I can’t remember not being able to swim, except for the last day of it. I remember being sent down to the neighbor’s pool to learn, and then doing the motorboat, held happily in the arms of Mrs. Johnson’s two teenage daughters. When they instructed me to start some of the actual swimming though, to commit some effort and, in my opinion, risk, I bitched and whined to the point that Mrs. Johnson stomped out onto the back porch and let me have it. I remember that her big hair looked lopsided and that she yelled, among other things, the word “damn.” She scared me. I swam.

Fear plays less of a role in my daughter Sofia’s swim lessons. Her process plays out with some almost disturbingly patient young teachers at the YMCA. They still do the motorboat, but piles of kickboards and arm floaties wait non-threateningly by the shallow end. Laughs and splashes echo through the huge tiled room.

Sofia likes the floaties because, rather than fearing the neighbor lady, she dreads going under. She remembers once slipping on the vinyl edge of our friend’s pool and slipping helplessly into the water. We hauled her out after about two terrifying seconds, but the experience remains with her, the shadowy side of an activity that many of us cherish. Sofia will remember not being able to swim.

I have to admit that at this point of my life, despite watching Sofia’s struggles, I can’t really conceive of not being able to swim. Sinking seems like a choice. Just tug at the water and kick, people. But fear surely plays tricks on the body.

I have certainly freaked myself out about what might be in the water with me. My family did lots of lake swimming when I was a kid—sometimes at the picturesque beaches of nearby Lake Michigan, but more often in little modest lakes and ponds reachable by bike. Generally, I liked the murk and algae just fine, but sometimes when I’d paddle too far over to some reeds or some really funky and deep loam beneath the water, I’d start to get that something’s on me feeling.

Swimming at night in a lake, frankly, still scares the shit out of me. The water’s black surface seems like a lid on a barrel of sucking mouths and stingers.

For all the lake swimming, and regardless of my initial embarrassing lessons, that neighborhood pool set the standard for my childhood swimming experience. It was a real pool with a deep end and a diving board and a grainy concrete floor. My brother and I would spend hours trying to catch a tennis ball in mid-leap, the ball chlorinated into a pale green, the streetlights into blurry haloes on our walk home.

As an adult, I’ve discovered that when it comes to exercise, to lap swimming, I’m awful. All the fun disappears and I realize I don’t have a very smooth stroke,  and little rhythm. I chug through the water and try to crawl and get all out of breath and dizzy. I feel like an imposter in the goggles and speedo. When there’s a slow lane, I get in it.

Then there’s the vulnerability of just putting on a suit for public fun. I want to pull up the top of the suit like it’s the 1800s. I think about starting a sit-up routine. On the West Coast I imagine beachgoers to look mostly tanned and toned, but in the Midwest, pools and beaches teem with pink softness. I was delighted—and a little weirded out—by my parents and their friends getting into swim clothes and joining the kids. Everyone seemed tentative, quick to laugh. More human than usual, more aware of fragility.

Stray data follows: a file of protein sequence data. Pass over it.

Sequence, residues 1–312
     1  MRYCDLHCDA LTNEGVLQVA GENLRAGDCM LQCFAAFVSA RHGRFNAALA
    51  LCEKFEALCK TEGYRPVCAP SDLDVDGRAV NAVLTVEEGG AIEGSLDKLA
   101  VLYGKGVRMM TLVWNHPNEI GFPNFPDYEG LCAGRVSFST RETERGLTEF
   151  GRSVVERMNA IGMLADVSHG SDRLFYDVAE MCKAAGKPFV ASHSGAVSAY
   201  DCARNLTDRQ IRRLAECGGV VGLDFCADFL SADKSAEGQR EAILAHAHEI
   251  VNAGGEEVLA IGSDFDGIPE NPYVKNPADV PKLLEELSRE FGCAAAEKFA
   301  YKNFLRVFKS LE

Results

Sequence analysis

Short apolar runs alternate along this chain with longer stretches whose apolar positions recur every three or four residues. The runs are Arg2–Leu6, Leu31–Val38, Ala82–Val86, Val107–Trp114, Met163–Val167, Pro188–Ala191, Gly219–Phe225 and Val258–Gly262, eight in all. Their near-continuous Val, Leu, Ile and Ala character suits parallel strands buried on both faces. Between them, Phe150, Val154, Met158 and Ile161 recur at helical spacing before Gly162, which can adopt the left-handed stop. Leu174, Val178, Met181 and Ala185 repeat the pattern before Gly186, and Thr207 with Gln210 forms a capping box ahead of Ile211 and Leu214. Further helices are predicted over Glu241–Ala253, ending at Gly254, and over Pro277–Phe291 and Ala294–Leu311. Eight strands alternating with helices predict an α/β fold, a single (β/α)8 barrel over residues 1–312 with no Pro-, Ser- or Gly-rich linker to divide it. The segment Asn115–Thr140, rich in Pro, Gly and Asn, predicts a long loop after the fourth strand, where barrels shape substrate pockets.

When not talking about the water, we seem to use the verb “swimming” to mean “being overwhelmed,” or making slow progress. We say that we’re “swimming in paperwork.” We want to move quickly or at least have the illusion of speed, and being slowed sucks.

It is partly that slowness that appeals to me about swimming. That I can put my usual force behind my arms or legs, and they move at the cushioned speed of dreaming. I’m at the mercy of resistance, and when I give in to it, can relax. Swimming drains my muscles of their usual insistence, and suggests that they be quiet. That quiet, along with the cooling of my core temperature, offers a rare peace. Swimming is an agent of grace.

Back in the pool swimming laps, you’d hardly guess I was thrashing toward poise. You might not think that the guy in the slow lane between the combat vet and the elderly nun hopes to emerge freer of his poisons than before. I am relieved that there is no camera showing my companions and me from below, waving and kicking away our demons for all we’re worth.


Art that successfully demonstrates our potential for joy in each other finds and deserves the greatest appreciation. Paige Sammartino’s poem, “We Should Get Married,” does exactly that while taking the reader to the pool’s bottom and back. The poem takes your breath away, as well, with the music of its three-sentence construction and a great verb in the first line.

Our theme finds its anchor this week with Joanna Kurowska’s elegant and moving flash piece, “Swimming.” In spare, lovely prose Kurowska displays a compelling sense of humanity. She also achieves an impressive sense of a life in fewer than six hundred words.

Rebecca Cook’s story, “Always,” explodes off the page. Written in direct address and occasionally sliding into moments of narration that help to underline the main character’s loss of self, this piece tackles the harrowing results of when desire runs headlong into brutal exploitation. Cook’s powerful language startles in its originality, and is even, despite the horror of events, pleasurable—a dualism that resonates with the psychology of this important story.






Photo by AG Gilmore